Another benefit of volunteering with Oracle Education Foundation is that coaches are able to see the real-life fruits of the students’ labors. In his first Intersession with the Oracle Education Foundation three years ago, d.tech junior Alex Lederman built a device with a Raspberry Pi computer that could detect whether a person was slouching and gently signal him or her to straighten up. Lederman says he has a lot of great ideas, and Oracle Volunteers help him direct those ideas into reality.

“The coaches are professionals, so their feedback is super valuable to me,” says Lederman. “At school, our teachers are pushing us to come up with our own ideas, and the sky is the limit. In Oracle Education Foundation workshops, the sky is the limit too, but Oracle Volunteers help us focus on what is plausible and can actually be built.”

It Takes a Village

d.tech is currently located in Burlingame, California. Next year, the high school will relocate to a purpose-built facility at 275 Oracle Parkway in Redwood Shores, California, becoming the first fully autonomous public high school in the United States to be located on a tech company’s campus. Oracle is providing the land and building the new facility—a 64,000-square-foot, LEED-certified school for 550 students and 30 faculty members.

“Here’s a school that is inviting the community into students’ educational experience, which is extraordinarily rare. Frankly, we think there’s a little bit of genius in that,” says Colleen Cassity, executive director of the Oracle Education Foundation, Oracle Volunteers, and Oracle Giving. “We always say it takes a village to raise a child, but I don’t think too many children today have that experience, and this is a new embodiment of that idea in a very twenty-first-century way.”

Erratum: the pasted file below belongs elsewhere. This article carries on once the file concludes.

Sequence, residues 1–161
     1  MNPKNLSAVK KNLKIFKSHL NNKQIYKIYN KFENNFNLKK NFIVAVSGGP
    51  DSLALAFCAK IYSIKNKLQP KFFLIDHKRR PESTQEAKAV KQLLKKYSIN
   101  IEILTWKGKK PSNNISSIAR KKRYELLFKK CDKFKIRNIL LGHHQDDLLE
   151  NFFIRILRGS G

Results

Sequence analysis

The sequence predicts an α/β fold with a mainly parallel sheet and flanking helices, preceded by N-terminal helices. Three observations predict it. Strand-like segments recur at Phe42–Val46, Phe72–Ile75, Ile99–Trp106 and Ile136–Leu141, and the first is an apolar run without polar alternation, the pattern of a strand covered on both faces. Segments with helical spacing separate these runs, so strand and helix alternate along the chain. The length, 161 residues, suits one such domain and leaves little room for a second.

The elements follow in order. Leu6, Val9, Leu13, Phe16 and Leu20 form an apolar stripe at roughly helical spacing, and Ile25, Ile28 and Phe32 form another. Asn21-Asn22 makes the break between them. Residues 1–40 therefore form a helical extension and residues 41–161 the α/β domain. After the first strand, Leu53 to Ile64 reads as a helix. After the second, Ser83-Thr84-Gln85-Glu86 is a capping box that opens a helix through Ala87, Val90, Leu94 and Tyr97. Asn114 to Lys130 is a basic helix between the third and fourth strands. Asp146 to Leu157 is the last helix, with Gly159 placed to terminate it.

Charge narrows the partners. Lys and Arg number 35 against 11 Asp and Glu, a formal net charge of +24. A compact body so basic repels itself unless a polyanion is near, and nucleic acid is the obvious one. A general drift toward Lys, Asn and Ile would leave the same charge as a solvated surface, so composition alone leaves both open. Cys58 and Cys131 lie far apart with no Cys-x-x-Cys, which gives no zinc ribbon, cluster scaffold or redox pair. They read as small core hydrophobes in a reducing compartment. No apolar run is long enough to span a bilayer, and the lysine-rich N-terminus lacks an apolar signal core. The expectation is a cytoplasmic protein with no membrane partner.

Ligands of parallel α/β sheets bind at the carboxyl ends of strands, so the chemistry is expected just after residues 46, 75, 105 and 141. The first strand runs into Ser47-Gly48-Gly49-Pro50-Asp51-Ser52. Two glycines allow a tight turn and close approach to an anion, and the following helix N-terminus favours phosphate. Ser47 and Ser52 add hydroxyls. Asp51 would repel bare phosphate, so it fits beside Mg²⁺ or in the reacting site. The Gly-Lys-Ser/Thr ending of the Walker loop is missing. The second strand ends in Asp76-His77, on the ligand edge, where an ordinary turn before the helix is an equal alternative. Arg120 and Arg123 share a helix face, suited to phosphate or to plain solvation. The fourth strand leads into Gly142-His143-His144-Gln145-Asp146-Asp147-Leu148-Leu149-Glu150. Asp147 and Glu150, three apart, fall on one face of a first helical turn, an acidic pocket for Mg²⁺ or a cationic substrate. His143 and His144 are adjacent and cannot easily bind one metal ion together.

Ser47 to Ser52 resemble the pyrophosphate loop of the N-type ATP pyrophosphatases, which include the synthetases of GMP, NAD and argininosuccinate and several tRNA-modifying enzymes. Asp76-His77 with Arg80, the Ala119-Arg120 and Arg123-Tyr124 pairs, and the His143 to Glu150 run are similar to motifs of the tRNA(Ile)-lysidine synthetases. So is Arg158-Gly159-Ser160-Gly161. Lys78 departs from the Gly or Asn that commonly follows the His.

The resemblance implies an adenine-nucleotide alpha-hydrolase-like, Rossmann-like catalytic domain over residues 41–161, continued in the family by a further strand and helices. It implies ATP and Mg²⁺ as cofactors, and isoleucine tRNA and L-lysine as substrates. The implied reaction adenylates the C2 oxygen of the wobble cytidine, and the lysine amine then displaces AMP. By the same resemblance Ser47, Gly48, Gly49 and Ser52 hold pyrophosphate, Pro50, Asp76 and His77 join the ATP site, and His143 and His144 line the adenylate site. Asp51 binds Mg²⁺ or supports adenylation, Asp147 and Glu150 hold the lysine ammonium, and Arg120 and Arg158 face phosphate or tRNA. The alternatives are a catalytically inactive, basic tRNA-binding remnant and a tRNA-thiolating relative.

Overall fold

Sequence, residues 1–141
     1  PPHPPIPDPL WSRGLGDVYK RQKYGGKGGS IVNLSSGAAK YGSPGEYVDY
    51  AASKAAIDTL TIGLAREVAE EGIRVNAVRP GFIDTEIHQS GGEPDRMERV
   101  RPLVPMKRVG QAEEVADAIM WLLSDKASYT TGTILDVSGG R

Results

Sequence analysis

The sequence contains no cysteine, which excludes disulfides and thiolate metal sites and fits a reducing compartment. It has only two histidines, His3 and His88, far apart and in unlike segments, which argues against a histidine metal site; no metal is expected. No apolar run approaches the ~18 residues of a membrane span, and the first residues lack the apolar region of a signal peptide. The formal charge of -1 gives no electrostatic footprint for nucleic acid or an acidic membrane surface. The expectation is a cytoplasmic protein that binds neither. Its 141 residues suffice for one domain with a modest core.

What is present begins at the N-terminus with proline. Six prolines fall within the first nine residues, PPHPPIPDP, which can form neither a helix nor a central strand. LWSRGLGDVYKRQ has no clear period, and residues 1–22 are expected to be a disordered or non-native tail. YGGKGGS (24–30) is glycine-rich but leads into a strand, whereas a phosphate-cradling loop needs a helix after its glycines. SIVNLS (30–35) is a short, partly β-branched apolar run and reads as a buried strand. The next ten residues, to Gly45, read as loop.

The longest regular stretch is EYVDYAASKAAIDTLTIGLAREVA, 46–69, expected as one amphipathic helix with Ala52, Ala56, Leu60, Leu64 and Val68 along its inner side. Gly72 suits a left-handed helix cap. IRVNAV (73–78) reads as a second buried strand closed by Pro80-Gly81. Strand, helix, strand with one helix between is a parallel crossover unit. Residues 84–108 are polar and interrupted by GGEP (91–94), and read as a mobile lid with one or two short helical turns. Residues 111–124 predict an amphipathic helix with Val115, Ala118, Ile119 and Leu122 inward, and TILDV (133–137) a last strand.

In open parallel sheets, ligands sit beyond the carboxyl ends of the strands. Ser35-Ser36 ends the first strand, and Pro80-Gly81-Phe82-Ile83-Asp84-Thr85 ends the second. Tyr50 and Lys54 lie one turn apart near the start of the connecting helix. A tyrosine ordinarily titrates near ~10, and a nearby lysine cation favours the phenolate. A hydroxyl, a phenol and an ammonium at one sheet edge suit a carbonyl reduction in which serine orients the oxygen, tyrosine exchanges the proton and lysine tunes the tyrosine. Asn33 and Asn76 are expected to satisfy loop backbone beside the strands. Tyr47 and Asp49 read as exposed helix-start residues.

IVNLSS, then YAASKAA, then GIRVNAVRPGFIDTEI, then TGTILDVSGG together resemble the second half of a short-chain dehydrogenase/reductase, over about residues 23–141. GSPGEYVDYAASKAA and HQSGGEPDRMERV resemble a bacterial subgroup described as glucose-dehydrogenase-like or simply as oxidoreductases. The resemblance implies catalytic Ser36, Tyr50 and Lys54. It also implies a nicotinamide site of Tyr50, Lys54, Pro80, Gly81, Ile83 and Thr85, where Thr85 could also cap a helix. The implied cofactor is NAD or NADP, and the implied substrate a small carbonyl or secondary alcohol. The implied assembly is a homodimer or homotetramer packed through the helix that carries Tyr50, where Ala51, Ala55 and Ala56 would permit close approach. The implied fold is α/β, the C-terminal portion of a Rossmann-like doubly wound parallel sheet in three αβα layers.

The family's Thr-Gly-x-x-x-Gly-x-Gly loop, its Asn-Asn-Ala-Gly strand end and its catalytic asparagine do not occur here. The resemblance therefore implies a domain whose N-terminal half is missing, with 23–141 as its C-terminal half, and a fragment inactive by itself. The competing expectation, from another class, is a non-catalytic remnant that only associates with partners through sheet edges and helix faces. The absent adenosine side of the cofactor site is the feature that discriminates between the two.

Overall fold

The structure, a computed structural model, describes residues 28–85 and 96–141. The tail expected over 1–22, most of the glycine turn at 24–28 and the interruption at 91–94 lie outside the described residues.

d.tech’s mission is to develop students who believe that the world can be a better place and that they can be the ones to make it happen. The Oracle Education Foundation program supports d.tech’s goals by empowering students with the creative confidence to engage with today’s technologies to design tomorrow’s innovations. The students leave the Oracle Education Foundation’s two-week workshops one step closer to solving real-world design challenges through design thinking and technology.

Oracle employees can volunteer as many as 104 work hours per year with the Oracle Education Foundation, with no impact in their vacation or leave. Every year, tens of thousands of Oracle Volunteers engage with nonprofit organizations all over the world, working in the areas of education, environment, and community. d.tech is itself a nonprofit organization, and having the school at Oracle headquarters will give Oracle employees even more opportunities to volunteer with d.tech and work with the students.

“The value to Oracle employees of having this experience is manifold,” says Cassity. “They have an opportunity to make a very real, positive impact on young people’s lives. Also, we train our employees in user-centered design and design thinking to help them teach students, and many of them tell us it transforms the way they work, and even how they think about their home life. It’s a serious commitment to coach a 30-hour workshop, but they come out of it feeling refreshed and energized.”